Yoko Nakajima is a 16-year-old honor-role student from Japan who tries to please. She tries to please her parents, her teachers, and her fellow classmates, but in the process,  isn’t really honest with herself or others. But through a series of events, Yoko is taken to another world where suddenly, she is under attack by demons and confront espionage, terror, betrayal, and herself on a harrowing journey.

Yoko’s story is a brilliant mix of action and psychological adventure. She is lost in this new, strange world and travels alone for good stretches of time where she has a lot of time to think. She’s forced to confront her fears and doubts, not to mention how she behaved previously. However, instead of letting that destroy her, Yoko becomes stronger by realizing her mistakes and not letting her fear defeat her.

The other great thing about Yoko is that despite being utterly lost in this other world, she isn’t helpless. She figures a lot out on her own and, although it’s a skill bestowed upon her, Yoko fights off the demons after her by herself.

Here’s how the author of The Twelve Kingdoms series, Fuyumi Ono says she created the story and character of Yoko Nakajima:

Many of my readers end up writing to me and they often share their personal

Anime adaptation which I also recommend

problems. I was never able to write back to them, so instead, I wrote Sea of Shadow. As for the events that befall Yoko, I feel that all people end up experiencing, to a greater or lesser extent, the kinds of mental and emotional trauma that Yoko does as they grow and establish themselves in the world. – Fuyumi Ono (Interview with Tokyopop)

She can think and decide things independent of the influence of society or other people, is intelligent, and an equal.

Great example: Elizabeth Bennet from Pride & Prejudice by Jane Austen

“Do not consider me now as an elegant female, but as a rational creature speaking the truth from her heart.” – Elizabeth Bennet

Elizabeth Bennet is her own person and not afraid to show it. She’s intelligent and witty and isn’t wholly concerned with marriage. She also “demonstrates her intelligence by acknowledging that marriage does not always bring happiness.” (College Term Paper) That’s part of what makes Elizabeth Bennet different to me compared to other heroines in romance novels, but that’s not all.

BBC adaptation which I highly recommend

Whenever I pick up a romance, whether it’s just my bad luck or a trend, the heroine rambles on about how she’s not worthy to have such a fine man, etc. While there is a point when Elizabeth realizes Mr. Darcy is a better man than what she first judged, she never wallows in feelings of inferiority. Even when they were picking at each other, it was an enjoyable banter of equal wit. Also, I appreciated that the two become friends first before it turns into a romance.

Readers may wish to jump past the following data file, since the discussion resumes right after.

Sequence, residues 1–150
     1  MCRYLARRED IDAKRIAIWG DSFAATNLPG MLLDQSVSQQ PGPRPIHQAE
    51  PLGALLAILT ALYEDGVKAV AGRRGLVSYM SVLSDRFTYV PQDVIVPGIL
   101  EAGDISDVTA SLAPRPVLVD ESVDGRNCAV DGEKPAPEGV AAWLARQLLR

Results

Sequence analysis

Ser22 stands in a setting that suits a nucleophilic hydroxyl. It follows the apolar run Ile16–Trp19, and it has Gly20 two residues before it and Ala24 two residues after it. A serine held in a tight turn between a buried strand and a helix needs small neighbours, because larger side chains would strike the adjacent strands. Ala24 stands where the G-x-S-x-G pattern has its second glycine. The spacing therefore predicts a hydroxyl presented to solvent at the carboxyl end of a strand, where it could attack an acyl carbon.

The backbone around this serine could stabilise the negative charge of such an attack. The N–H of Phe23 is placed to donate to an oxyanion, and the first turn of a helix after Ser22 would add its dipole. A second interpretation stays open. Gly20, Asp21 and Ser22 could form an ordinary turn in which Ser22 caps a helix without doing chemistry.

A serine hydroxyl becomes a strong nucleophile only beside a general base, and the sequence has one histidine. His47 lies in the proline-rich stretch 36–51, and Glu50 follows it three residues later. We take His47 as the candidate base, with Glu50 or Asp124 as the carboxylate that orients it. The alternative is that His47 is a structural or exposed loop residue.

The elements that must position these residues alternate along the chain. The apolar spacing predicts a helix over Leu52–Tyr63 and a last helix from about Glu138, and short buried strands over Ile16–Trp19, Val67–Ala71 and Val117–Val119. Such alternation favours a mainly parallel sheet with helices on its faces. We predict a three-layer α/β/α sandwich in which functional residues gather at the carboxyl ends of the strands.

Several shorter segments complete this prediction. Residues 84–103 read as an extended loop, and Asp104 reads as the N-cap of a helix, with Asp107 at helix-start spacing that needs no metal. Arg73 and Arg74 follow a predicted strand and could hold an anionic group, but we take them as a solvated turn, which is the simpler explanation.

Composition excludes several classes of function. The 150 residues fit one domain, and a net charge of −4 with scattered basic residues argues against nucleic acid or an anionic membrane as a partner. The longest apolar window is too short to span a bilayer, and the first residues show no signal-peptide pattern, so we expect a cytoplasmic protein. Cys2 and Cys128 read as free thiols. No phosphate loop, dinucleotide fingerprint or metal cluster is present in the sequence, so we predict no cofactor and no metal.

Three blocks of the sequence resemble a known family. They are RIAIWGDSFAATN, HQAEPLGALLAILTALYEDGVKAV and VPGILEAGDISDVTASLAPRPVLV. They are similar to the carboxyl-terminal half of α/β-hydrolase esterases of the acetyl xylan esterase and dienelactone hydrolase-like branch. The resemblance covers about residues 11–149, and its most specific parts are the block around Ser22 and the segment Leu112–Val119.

As for Darcy coming to Elizabeth’s family’s rescue, it’s a period piece written at a time when women would not have the financial power to handle that issue even if they wanted to. It just wouldn’t be realistic. Furthermore, the way Darcy handles it is not with a big ego and sense of superiority, but with love and a bit of awkwardness or embarrassment.

She plays an important role in the story (whether she’s the main character or not) and is not limited to love interest.

Great example: Hermione Granger from Harry Potter by J.K. Rowling

“Just because you’ve got the emotional range of a teaspoon doesn’t mean we all have.” – Hermione Granger

Hermione is a wonderful character. She’s not the main character of the series, but she holds an important spot in the story. (Can you imagine a Harry Potter without Hermione?) She is the last of the threesome to be introduced and is initially a bit conceited when it comes to her knowledge (because, let’s face it, Hermione could beat even that computer on Jeopardy). But soon she becomes one of the group and the real brains behind the operation. She’s also the only girl in the threesome, but that doesn’t make her the weak link nor just an object of awkward flirting. Sure, there is a bit of romance later, but the romance doesn’t become the essence of Hermione and consume her completely (Look! She still has friends!).  

As Kathleen Sweeny notes in her article Supernatural Girls, “Harry Potter provides a consistent storyline of cross-gendered teamwork that is not trivialized as flirtation. Harry not only encourages Hermione’s role in the acquisition of power–he depends on her.” Depend he does. There are key things that Hermione figures out and moments when Harry may have been lost without her.

She’s human.

All three of the examples above show a sense of realism that really anchors them in my mind as complete and strong. They all have aspects everyone can relate to and/or admire. None of them are superheroes in the sense that they are supremely better in every aspect than all the other characters and certainly, none of them are the weak female character that borders on ridiculous. Each has her own personality and her character is wonderful and able to stand on its own. I’d also like to point out that her strength isn’t necessarily physical or limited to physical strength.

These are what I would probably consider some of the most important factors in strong female characters and only three examples of female characters that reach this level for me. This is obviously all just my opinion so I would love to hear what you think makes a strong female character and/or who some of your favorite female characters are.

Read Full Post »